The result of the battle of Preussisch-Eylau, or rather, his absence, each side interpreted his own advantage. "A friend of mine! Yesterday I had a big battle. I am the winner, but I have heavy losses. I consider the enemy's losses even harder. I write these two lines with my own hands, despite the fact that I am tired. Your whole Napoleon. 3 o'clock in the morning of February 9, ”the emperor of France wrote to his wife Josephine after a bloody battle. And in Russia 31 August 1807 of the year - that is, six months after the battle - a special cross was established to award officers who distinguished themselves in battle and presented to orders, but did not receive them. On the obverse of this gilded bronze cross, the phrase “For labor and courage” was struck; on the other, “Victory at Preish-Eylau. 27 gene. (i.e. January. - RP) 1807. ” This award received 900 officers who wore it in his buttonhole on the St. George ribbon. In addition, after the battle 18 officers from among its participants were awarded the Order of St. George 3-th degree, 33 officer-Order of St. George 4-th degree, and a few more people - the Order of St. Vladimir. The cavalry general Leonty Bennigsen, commanding the Russian army, received the highest award: 12 days after the battle, he was awarded the Order of St. Andrew the First Called. Ironically, in the Russia living on the Julian calendar, it was the day of February 8 1807 ...
Dear reader, to leave comments on the publication, you must to register.

I have an account? Sign in

  1. Koshak
    Koshak 13 February 2016 08: 08
    Napoleon did not learn a lesson ....
    1. Rastas
      Rastas 13 February 2016 09: 25
      But what about Friedland?
    2. Morrrow
      Morrrow 13 February 2016 12: 31
      Why? In Friedland, he defeated the entire Russian army for the second time in his life. This has not been possible to any commander since the announcement of Ros. Empire.
  2. engineer
    engineer 13 February 2016 11: 46
    and Suvorov fought with the French in his alpine campaign.
  3. Morrrow
    Morrrow 13 February 2016 12: 27
    According to military tradition, an army that retreated from the battlefield is defeated. So alas. Moreover, the war has already been lost.
  4. Vni
    Vni 13 February 2016 22: 56
    There and now there is a monument to the three Prussian generals who died in this battle. Which is kept in good condition. But there is NO mention of the battle itself in my opinion (except for the city museum)!
  5. Warrior2015
    Warrior2015 15 February 2016 21: 28
    The article is generally good. just a simple question - what does the picture depicting the battle of Maloyaroslavets in 1812 make in the material about the battle of Eylau in 1807?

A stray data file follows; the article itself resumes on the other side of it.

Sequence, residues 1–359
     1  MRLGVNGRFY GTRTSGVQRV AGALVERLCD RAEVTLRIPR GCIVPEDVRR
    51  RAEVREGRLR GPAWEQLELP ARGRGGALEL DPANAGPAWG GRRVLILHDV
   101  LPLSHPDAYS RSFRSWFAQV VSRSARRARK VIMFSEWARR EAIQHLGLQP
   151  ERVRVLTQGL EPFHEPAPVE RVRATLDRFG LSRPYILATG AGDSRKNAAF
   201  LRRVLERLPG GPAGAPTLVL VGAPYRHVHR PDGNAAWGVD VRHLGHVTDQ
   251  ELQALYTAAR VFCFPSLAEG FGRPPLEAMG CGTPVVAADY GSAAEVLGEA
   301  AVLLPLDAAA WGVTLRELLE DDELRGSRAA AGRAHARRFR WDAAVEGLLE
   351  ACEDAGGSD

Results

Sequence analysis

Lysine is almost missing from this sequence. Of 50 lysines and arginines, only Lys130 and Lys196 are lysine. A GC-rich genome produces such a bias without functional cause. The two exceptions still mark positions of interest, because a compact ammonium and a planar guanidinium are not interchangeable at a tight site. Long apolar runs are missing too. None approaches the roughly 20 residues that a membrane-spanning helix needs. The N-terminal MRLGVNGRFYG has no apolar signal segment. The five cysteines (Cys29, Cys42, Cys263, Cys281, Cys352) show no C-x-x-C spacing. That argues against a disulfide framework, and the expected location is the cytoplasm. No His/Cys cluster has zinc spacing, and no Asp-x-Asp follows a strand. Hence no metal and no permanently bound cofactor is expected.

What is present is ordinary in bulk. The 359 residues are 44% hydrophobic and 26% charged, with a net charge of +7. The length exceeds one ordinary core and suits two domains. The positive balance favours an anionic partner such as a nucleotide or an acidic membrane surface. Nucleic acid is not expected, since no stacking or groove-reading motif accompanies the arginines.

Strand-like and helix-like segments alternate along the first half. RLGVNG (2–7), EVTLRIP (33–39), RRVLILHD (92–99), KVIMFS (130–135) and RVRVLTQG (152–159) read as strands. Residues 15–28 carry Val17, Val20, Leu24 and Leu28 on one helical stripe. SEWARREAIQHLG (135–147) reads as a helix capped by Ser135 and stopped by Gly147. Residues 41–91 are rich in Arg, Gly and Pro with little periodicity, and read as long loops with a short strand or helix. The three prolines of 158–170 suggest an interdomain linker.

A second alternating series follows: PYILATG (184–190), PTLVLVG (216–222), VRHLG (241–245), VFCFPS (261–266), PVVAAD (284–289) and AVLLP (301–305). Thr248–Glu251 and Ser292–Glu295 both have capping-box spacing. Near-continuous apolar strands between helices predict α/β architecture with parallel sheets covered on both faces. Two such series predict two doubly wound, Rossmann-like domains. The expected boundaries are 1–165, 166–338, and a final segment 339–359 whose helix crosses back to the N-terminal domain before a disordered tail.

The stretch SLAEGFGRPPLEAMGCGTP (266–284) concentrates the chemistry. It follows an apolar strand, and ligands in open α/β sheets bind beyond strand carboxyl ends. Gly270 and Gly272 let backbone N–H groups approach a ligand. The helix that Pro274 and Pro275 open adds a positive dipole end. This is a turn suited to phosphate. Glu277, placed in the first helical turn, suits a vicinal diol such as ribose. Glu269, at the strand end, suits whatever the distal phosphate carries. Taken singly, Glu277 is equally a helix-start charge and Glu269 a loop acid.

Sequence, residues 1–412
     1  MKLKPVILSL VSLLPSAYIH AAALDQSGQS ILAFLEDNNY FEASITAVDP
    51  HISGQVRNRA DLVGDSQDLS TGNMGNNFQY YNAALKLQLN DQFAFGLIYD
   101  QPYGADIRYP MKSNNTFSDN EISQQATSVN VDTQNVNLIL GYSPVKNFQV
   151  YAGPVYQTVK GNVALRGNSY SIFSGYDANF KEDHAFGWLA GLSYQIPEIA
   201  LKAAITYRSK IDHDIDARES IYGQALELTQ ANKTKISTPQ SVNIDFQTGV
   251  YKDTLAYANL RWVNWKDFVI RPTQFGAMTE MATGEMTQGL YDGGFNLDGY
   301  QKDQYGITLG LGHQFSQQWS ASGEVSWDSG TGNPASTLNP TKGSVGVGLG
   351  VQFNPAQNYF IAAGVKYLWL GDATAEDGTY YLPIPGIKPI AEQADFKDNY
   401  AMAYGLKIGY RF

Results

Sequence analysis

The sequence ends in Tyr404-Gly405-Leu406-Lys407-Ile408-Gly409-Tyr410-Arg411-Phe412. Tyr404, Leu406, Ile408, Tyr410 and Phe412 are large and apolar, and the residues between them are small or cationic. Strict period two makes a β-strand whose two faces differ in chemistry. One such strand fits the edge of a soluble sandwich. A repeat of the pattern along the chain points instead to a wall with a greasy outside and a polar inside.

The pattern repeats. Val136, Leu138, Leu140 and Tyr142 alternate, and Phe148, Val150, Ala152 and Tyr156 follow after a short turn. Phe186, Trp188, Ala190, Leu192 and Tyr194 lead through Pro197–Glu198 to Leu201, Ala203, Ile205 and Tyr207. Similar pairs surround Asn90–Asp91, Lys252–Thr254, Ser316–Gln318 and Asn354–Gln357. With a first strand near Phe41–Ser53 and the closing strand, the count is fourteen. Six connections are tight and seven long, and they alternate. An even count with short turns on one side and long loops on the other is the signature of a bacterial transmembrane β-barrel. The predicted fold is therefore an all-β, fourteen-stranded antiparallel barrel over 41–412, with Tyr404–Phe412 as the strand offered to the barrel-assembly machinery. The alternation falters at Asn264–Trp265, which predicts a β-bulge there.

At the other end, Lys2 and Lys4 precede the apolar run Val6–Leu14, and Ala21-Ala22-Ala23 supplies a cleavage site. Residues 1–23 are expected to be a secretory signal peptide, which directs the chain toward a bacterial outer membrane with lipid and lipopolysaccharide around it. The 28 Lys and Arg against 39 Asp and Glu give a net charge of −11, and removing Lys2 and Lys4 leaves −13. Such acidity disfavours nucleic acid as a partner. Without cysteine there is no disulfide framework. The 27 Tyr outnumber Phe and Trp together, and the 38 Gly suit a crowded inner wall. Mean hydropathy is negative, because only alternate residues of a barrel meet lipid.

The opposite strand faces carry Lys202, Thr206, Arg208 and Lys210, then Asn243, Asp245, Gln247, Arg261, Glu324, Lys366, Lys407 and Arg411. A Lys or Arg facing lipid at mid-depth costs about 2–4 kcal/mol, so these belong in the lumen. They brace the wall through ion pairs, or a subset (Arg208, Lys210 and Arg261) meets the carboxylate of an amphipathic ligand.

"... One of them intercepted a courier who was carrying with him Napoleon's secret order on the movement of troops and preparation for a general strike ..."

    Ha, if this is so, then a couple of questions: if this is true, then is it possible that the "Corsican", as a consequence of the "glorious" tradition of sans-culottes, neglected the cipher all his life and burst like that, despite Berthier's genius? Or did the Russian-Prussian headquarters successfully and quickly break the Bounoparte military code? maybe this is a provocation, specially set up? (the French emperor practiced this even in 1815)

    "... Seeing confusion in the ranks of the attacking, Bennigsen threw in a counterattack the cavalry and grenadiers, who almost reached Napoleon's headquarters at the Preussisch-Eylau cemetery.
    Long laughed! wink The author of the article apparently did not see the simple scheme of the battle! In general, Murat's grouping struck a blow in another place and at a different time, and the Russian infantry, having broken through the line of the French battalions, simply could not reach the center of the French positions a little, being stopped by the detachments of the "Old Guard".

    And 1 is a nice little fact: for some reason, the article doesn’t say that French artillery, quantitatively inferior to Russian artillery, qualitatively surpassed it and inflicted (as always, however) the terrible losses of the Bennigsen army.

    And in terms of losses and their ratio to the number of troops: the number of killed and wounded, they finally surpassed Zorndorf, but in percentage terms they did not "surpass" either under Eylau or Borodino.
    1. Vladislav 73
      Vladislav 73 19 February 2016 00: 51
      Ratnik 2015. How many times I already read here on VO articles about the battle at Eylau ... The previous article, half a year or so ago, was a kind of laudatory eulogy to Bennigsen, called the "Great Russian commander"! This Bennigsen is Russian! belayTypical Landsknecht, a mercenary. Hannover, therefore, is formally a subject of the King of England! And I’m silent about his greatness (what Friedland is worth!) So, do not be surprised. ! wink